There you have it: everything you wanted to know about Ubuntu’s remote desktop feature but were afraid to ask. Do these tricks work for you? Do you have a preferred VNC client that I failed to touch on? Do you have any tips to share with the crew? Don’t be shy; comment away!
In this article, I’m going to outline some of the top resources that I use to find guitar chords for songs that I want to learn how to play. Recently, I decided that I needed a way to relax and get rid of stress – something that is somehow unconnected with the computer.
I remembered playing around with my mother’s old guitar when I was a kid, and realized that I’ve always wanted to learn how to play guitar. My daughter was already taking piano lessons from a local older couple who give lessons, so I decided to take guitar lessons while waiting for my daughter to finish her piano lessons.
Within three lessons, I found myself playing a John Denver song using just three chords. Of course, I was immediately hooked. Practicing every night, I’ve mastered the song in about a month. However, once I was able to play the one song, I wondered how many others I could learn that use just those three or four chords.
So, a hobby that I took on in order to get off of the computer and take a break from the Internet, ended up bringing me back to the Internet in search of guitar chords for songs that I really want to learn how to play. I’ve found a few excellent websites that do a tremendous job in cataloging the correct chords for the most popular traditional and contemporary songs. Today, I’d like to share those discoveries with other guitar players out there.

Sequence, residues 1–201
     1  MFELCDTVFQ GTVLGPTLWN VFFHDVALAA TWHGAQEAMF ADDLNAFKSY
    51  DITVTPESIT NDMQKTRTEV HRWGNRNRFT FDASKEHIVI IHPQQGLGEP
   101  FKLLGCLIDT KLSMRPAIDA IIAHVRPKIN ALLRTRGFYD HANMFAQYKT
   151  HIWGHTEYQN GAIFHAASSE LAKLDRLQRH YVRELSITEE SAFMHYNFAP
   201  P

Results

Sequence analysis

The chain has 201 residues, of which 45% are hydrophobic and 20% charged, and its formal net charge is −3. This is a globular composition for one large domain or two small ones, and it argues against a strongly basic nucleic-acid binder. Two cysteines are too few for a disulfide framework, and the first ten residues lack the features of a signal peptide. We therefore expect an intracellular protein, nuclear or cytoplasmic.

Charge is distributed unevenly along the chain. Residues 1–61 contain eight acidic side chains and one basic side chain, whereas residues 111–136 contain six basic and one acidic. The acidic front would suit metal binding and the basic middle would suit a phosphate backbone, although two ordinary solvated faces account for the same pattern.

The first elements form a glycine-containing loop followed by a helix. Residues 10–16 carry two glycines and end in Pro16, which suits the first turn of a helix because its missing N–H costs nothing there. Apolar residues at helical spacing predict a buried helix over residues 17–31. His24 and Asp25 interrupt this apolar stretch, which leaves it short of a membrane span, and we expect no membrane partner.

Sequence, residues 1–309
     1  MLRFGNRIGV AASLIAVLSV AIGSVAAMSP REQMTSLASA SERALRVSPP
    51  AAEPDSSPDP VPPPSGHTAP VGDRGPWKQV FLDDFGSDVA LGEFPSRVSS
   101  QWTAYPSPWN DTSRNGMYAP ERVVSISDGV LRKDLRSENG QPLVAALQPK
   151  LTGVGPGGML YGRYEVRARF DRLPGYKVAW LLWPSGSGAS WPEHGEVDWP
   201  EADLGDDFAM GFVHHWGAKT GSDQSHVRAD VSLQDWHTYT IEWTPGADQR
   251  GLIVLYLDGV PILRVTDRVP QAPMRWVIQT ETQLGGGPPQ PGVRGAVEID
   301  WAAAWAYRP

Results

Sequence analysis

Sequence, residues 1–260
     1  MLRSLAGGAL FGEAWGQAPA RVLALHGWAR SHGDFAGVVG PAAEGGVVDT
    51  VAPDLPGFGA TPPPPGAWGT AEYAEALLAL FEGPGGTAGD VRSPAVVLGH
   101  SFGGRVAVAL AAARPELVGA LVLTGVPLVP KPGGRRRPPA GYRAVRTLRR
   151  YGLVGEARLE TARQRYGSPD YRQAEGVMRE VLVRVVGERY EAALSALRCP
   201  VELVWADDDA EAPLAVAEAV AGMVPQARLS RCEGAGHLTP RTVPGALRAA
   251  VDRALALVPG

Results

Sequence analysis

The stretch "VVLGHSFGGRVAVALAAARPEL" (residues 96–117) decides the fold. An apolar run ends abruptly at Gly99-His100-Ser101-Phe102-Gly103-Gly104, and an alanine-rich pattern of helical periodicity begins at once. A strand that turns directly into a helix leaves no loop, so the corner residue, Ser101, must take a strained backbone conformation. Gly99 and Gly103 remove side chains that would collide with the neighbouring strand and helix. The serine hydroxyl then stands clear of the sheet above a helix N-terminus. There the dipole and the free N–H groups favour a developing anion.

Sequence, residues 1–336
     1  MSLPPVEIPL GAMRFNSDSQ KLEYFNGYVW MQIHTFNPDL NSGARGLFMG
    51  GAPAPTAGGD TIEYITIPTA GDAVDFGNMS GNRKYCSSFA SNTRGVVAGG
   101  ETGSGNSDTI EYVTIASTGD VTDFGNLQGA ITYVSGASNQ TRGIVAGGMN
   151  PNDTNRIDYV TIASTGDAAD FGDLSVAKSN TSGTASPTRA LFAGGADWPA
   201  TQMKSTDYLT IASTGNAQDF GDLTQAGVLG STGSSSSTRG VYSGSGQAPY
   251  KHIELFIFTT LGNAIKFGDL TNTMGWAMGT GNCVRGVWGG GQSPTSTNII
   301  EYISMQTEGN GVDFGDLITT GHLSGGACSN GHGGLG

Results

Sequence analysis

Chordie – A Massive Library Of Accurate & Inaccurate Chords
I think Chordie has to be one of the largest collections of guitar chords and tabs that I’ve ever found. I’ve yet to think of a song that doesn’t have a corresponding Chordie listing. At Chordie, you can search for either song or artist listings that are organized in a long alphabetical collection. This way, if you don’t know the title of a song, you can search for the guitar chords by the artist name instead.
Chordie is actually a huge community of guitar players who love music so much that they spend time trying to figure out the chords to music, and then list their findings on Chordie. Most of the time, you’ll discover that the chords listed here are actually pretty accurate – and you’ll be playing the coolest songs in no time.
If you can’t find guitar chords for songs that you’re looking for anywhere else, then I’d suggest going to Chordie as your last resort. Why as a last resort? Because at least half the time, you’ll also discover that members posted chords or lyrics that are just totally wrong.